Insurance can feel like opening doors behind doors behind doors. With even the most common insurance questions somewhat confusing for an ordinary person. Unlike almost every other product you buy, you don’t feel the benefit of insurance until something bad happens. And while we all need insurance, we buy it hoping we don’t have to use it.
When something bad happens, we immediately question our cover. Was it all explained? Did you ask the right questions? Are you actually covered? We might find ourselves hastily searching for an answer to a complex question or trying to find out if our policy excludes your circumstance.
Below, we look at the most Googled insurance questions and answer them for you.
Common Insurance Questions… Answered
Why is my car insurance so high?
Like any insurance, your car insurance is based on risk. If you drive long-distance, drive often, have a new or expensive car, have had accidents in the past or have a history of claims, insurers will see you as a higher risk to need to make a claim again. But these are not always the case. Your insurance can also depend on age, gender, where you store the car, the car itself, and the type of cover that you require.
For some, their insurance may be high due to over-insurance. This is where they are unknowingly paying for policy features which either don’t apply to them or that they will never use. It’s essential you understand what you don’t need just as much as what you do.
Does car insurance cover the car or the driver?
Car insurance generally refers to damage to your vehicle either due to your fault or when somebody else has crashed into you. However, most car insurance policies also include medical expenses as standard, which protects you and any other passenger in the vehicle at the time of the accident. The level of cover and what’s included in medical expenses varies, though, and you should weigh up the importance of this in your decision.
Do credit scores affect your premium?
Not usually. A credit search in insurance terms is normally a ‘soft search’. This means you can see the search on your credit file, but others won’t be able to. This type of search is usually used simply to verify you are who you say you are.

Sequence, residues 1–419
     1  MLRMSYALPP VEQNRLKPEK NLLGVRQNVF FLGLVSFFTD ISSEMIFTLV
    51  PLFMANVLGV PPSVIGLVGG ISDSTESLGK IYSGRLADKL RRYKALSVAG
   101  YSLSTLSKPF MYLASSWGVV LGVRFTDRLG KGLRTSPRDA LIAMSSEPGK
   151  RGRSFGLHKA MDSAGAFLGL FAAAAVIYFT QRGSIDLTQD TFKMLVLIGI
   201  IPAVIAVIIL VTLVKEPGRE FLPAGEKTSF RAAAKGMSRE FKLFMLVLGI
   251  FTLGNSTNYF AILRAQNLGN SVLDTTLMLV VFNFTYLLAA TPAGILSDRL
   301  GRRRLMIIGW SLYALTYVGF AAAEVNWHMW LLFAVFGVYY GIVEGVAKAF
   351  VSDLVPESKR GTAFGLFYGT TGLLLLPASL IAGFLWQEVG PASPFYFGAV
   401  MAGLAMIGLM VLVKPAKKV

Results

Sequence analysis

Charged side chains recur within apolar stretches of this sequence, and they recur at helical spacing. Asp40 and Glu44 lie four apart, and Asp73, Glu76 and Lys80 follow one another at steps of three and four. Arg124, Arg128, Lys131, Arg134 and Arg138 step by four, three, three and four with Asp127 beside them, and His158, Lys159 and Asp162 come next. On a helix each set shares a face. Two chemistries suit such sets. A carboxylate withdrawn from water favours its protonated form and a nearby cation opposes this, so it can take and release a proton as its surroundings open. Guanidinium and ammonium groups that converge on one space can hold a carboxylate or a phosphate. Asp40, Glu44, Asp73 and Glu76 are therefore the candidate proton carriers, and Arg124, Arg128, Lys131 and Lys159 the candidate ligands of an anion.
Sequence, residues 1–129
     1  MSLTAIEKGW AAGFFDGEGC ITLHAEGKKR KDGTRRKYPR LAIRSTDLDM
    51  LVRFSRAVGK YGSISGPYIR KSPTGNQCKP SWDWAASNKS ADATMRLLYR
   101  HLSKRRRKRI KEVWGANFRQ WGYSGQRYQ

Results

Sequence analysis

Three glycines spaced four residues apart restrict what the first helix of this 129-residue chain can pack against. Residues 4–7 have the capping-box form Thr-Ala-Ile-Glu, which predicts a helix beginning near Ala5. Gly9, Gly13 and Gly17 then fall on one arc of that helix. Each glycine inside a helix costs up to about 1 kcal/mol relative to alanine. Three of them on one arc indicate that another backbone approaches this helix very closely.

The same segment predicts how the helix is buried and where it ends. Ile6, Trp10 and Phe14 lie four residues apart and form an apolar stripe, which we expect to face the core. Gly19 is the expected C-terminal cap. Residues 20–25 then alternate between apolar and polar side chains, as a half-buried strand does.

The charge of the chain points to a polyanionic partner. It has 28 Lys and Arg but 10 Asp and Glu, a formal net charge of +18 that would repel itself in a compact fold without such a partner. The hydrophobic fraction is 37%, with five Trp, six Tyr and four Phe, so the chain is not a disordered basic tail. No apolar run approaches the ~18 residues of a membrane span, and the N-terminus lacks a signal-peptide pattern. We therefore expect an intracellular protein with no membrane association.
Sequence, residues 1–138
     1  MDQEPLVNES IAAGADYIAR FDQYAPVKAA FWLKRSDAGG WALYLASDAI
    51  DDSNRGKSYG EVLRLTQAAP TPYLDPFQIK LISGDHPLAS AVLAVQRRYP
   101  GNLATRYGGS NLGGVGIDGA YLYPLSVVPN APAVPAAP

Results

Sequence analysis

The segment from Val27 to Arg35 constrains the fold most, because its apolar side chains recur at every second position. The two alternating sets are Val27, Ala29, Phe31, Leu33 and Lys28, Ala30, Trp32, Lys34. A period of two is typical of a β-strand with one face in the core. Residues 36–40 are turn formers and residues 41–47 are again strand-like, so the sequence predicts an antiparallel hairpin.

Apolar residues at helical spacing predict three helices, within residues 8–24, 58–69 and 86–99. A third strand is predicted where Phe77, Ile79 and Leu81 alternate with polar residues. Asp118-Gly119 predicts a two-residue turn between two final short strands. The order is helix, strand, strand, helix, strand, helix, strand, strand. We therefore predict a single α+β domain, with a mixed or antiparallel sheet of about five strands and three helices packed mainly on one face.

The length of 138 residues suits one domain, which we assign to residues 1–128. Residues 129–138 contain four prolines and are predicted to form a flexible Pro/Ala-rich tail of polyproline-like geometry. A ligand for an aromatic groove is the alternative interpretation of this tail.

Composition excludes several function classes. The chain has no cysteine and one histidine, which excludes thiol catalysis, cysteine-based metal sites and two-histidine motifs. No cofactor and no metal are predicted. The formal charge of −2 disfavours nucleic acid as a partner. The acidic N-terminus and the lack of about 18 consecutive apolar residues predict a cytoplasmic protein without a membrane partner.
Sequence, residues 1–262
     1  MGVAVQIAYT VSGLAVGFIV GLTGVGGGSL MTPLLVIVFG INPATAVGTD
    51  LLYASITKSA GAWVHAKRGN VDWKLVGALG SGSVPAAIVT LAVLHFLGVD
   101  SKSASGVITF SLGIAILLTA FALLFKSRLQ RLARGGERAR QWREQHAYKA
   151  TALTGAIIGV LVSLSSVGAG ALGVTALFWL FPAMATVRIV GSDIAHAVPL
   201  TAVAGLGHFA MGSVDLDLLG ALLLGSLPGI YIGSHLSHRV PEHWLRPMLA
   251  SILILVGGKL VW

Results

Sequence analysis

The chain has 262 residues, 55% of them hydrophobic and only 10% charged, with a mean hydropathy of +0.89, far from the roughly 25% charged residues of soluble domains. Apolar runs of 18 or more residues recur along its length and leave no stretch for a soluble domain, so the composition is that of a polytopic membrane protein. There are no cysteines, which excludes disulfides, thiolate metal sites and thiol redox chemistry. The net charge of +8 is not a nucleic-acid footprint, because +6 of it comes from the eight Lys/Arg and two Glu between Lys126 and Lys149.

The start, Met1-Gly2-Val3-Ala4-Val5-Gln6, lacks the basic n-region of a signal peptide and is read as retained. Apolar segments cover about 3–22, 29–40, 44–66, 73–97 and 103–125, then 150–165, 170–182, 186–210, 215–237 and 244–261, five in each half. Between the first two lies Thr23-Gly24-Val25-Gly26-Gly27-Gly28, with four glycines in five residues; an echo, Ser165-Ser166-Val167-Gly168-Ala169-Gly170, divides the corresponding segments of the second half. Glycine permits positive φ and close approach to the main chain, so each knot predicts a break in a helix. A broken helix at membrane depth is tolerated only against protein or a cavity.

However, if you have a bad credit rating and want to pay for your premium monthly, lenders may be put off by your history and only offer an annual premium.
Is inherited jewellery included in my home and contents cover?
We have many clients with expensive or luxurious possessions but what about those whose relative left a piece of jewellery or item which you don’t know the value of? Well, a standard home and contents insurance policy has a cap on how much you are covered for. These vary so it’s worth checking your existing policy, but it’s unlikely it will cover too much. We can arrange valuations for you where you can have jewellery and other inherited possessions valued by a professional. Specialist items require specialist insurance. It doesn’t make sense risking something so precious, does it?
What is not included in home insurance?
Together with high-value goods, there are other things not covered which might surprise you. For instance, if pests such as rats enter your home and damage appliances, you may not be covered since you could have prevented the pest from entering your home. General wear and tear isn’t usually covered, nor is a build-up of mould.
Some policies also exclude things like floods, burst pipes, poor workmanship. If you are a business working from home and don’t have the right home business insurance, standard home insurance won’t cover injury or damage to your goods, either. It’s essential you are proactive in protecting your home.
Will I lose my No Claims Discount if I hit somebody?
When you hit another driver, liability or fault comes into play. If it’s agreed you were at fault and your insurer pays out, both your premium and your No Claims Discount (NCD) may be affected.
However, if you were not at fault for the accident, your insurer will look for the other driver’s insurer to pay out and your NCD may not be affected.
If fault cannot be agreed upon, both driver’s insurers usually look to split the cost, and both driver’s NCD may be affected.
Other common insurance questions? Can we help?
Got a question not answered here? Pick up the phone, we’ll be happy to answer it for you. We may also be able to get you a policy that’s cheaper and better than your existing policy.
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